Proof-of-Work allows for distributed control and its consensus protocol is based on cryptography and game theory. However, because of certain hurdles, alternative solutions like Proof-of-Stake are becoming increasingly popular.
Consensus steers collective action of unknown network actors and builds on crypto-economic models. A consensus is supposed to be attack resistant because of the rules that determine how the ‘’game’’ is played. Mainly, the ‘’game’’ is fueled by a reward mechanism that pays tokens to actors in the network that successfully and fairly validate transactions that occur on the given blockchain.
Consensus also means rules, rules that act as automated policy enforcement like an infrastructure. The encoded rules set all rights and obligations that actors (a.k.a. ‘’nodes’’) must abide by. Encoded rules define conditions for transactions; how they are created, how they are sent from peer to peer, and how they are verified.
The goal of the consensus mechanism is to enable nodes to achieve their network goals, whether that means sending messages securely, or validating transactions or what have you. A reliable consensus mechanism is suppose to fend off attacks from malicious nodes (because there’s always a bad apple in the batch). The problem is that it is difficult for a distributed network to reach agreements about which data is correct and which is false, so it needs a mathematical solution for trustless-ness. Enters Proof-of-Work.
What is Proof-of-Work
Proof-of-work is literally a mathematical solution. It’s a mathematical proof like those we learn as kids in geometry classes. This solution solves the dilemma I alluded to early, the dilemma seen between untrusted nodes (nodes that don’t trust each other but still want to interact). The dilemma is that it is really hard for a network to be both attack-resistant and fault-tolerant at once. Before Bitcoin was invented, transactional networks could only be one of the two and usually the former.
Proof-of-work offers a solution that helps two untrusted sides interact economically in such a way that cheating is infeasible. This has a cool philosophical ring to it; imagine that while two countries are at war, the might share a mutual Nash equilibrium in which trading medicine for injured soldiers and prisoners of war could be useful to both. Even if this is unlikely to occur, it could be done via a trustless system which is structured by a proof-of-work consensus.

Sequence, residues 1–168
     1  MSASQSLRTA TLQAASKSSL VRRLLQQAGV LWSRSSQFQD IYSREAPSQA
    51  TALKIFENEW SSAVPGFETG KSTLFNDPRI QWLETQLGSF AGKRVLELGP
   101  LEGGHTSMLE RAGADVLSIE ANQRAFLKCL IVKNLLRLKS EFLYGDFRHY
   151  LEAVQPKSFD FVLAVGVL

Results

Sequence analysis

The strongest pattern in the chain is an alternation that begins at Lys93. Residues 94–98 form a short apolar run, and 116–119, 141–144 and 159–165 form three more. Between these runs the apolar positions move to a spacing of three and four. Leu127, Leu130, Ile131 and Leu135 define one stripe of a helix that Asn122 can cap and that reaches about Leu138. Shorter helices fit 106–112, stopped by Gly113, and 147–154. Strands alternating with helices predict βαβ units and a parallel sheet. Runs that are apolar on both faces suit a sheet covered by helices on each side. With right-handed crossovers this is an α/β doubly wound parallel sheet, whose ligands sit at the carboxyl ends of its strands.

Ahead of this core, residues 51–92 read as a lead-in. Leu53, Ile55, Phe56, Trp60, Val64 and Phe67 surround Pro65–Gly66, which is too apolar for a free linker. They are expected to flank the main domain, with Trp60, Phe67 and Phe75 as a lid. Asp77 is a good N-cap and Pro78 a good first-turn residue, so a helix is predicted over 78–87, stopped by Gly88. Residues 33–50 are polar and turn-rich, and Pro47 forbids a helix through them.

So, proof-of-work (PoW) is like a ‘’skeleton’’ that draws the lines and boundaries of where the blood can go. It is designed in such a way that those who respect rules and spend money (kind of like a pay to play arrangement) get a reward in the form of tokens (for example Bitcoin). Secondly, PoW is designed so as to make cheating really hard because of the costs incurred to play. While cheating is possible, it is designed to be highly unprofitable. The idea is that a rational economic agent would be deterred from such an endeavor.
Above we covered the ‘’Proof’’-part i.e., proof like in math class. The ‘’Work’’-part regards what network actors (nodes) do with their computers when they want to check a transaction and add a ‘’block’’ to the network’s ledger (the record book so to speak).
The nodes here are generating something that contains value because 1. there are many participants competing for a scarce resources (the token reward, which they indirectly financed via the pay-to-play schematic) and 2. they create market efficiency for trustless peer-to-peer transactions which is a market the entire unbanked world needs.